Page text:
Rai took his executive director Atul Kumar Goyal (later MD of UCO Bank) and a general manager, Nitesh Rajan, into his confidence and tasked them to do the homework for the merger. Many rounds of discussion later, both Rai and Jayakumar understood the banks were not prepared for the merger.
In August 2017, Bank of Baroda wrote to Anjuly Chib Duggal, the financial services secretary, detailing the benefits and challenges of the merger. While the merged entity would become the second largest bank in the country by assets and have a large base of low-cost deposits, the challenges outweighed the benefits.
Stating that ‘research typically reveals that only 30 per cent of mergers become successful and result in realisation of the estimated synergies and benefits,’ the note highlighted capital constraints as the biggest challenge.
It said that internal estimates of ‘Zen’ put the provision requirements for bad assets for fiscal year 2018 at Rs9,500 crore and asked for a capital infusion of at least Rs3,500 crore by the government. That may have put a spoke in the government’s wheel.
Merger Always on Union Bank’s Plate
A merger has all along been on the plate of Union Bank of India. The media was already talking about the possibility of its merger with Bank of India in 2005. If that had happened, it would have created India’s second largest commercial bank after the SBI. It was to be consummated in April 2005 but the plan had started two years before.
Finance Minister P. Chidambaram had flagged off the issue of banking sector consolidation during the IBA’s annual general meeting in August 2004.
Even before that, in 2003, Union Bank hit upon the idea of a possible merger. V. Leeladhar was its chairman then and M. Venugopalan was the executive director. Both were on the same page and once Venugopalan moved to head Bank of India, they started discussing it with all seriousness.
Janmejaya Sinha, then India MD of global management consulting firm BCG, got involved and a committee was set up to look into all possible aspects of the merger. Again, the uniform technology platform was a big advantage. Both banks were operating on Finacle CBS of Infosys.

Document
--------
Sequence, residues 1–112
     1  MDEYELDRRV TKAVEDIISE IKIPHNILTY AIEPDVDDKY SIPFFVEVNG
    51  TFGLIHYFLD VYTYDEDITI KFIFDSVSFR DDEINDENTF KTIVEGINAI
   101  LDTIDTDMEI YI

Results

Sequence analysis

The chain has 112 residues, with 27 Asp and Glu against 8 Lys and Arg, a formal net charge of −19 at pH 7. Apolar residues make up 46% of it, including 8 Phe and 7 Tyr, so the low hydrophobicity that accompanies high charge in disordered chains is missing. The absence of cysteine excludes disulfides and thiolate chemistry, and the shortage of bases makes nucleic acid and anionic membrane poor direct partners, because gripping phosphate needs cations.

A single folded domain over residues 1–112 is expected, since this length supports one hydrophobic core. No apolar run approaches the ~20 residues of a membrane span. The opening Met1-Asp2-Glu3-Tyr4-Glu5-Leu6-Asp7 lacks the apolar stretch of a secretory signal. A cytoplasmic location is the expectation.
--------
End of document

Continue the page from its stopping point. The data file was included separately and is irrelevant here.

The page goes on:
On 22 July 2004, Leeladhar even made a presentation to Chidambaram. He was carrying four slides to sum up the discussion – FM against it, FM has low interest in it, FM is interested but not engaged, and FM is interested and engaged.
Chidambaram picked the fourth one.
BCG was not officially engaged on the merger. It was supposedly working with Bank of India on its business process engineering, and its mandate with Union Bank was to make different products more profitable. Under the guise of these assignments, BCG was quietly working on the merger.
The merged entity would have an asset base of at least `1.43-lakh crore and emerge as the second largest commercial bank in the country, overtaking ICICI Bank. It would have a network of 4,582 branches and over 68,000 employees.
According to the plan, around 200 branches of the new entity were to be closed while 500 new ones to be opened to tap new businesses, taking the total number of branches to 4,882, while leading to an annual saving of `300 crore for the new entity.
Leeladhar left the bank reluctantly to become a deputy governor at the RBI in September 2004, because he thought pushing the merger through was a much bigger assignment than becoming a central banker. After he left, it was Ratnakar Hegde, the executive director, who was running the Union Bank. Venugopalan retried as Bank of India boss on 31 March 2005. (After this stint, he headed Federal Bank Ltd.)
The minutest details of the merger were overseen and finalised by Vinod Rai, then the additional secretary in the finance ministry’s banking division. Union Bank of India’s emblem, the sun, was to give away to Bank of India’s star.
All these were discussed at the board meetings of both banks. But the merger did not happen because of the fierce opposition put up by A.B. Bardhan, a trade union leader and former general secretary of the Communist Party of India, which supported the UPA-led government, running the country at the time.
Edited extracts from Pandemonium: The Great Indian Banking Tragedy. Roli Books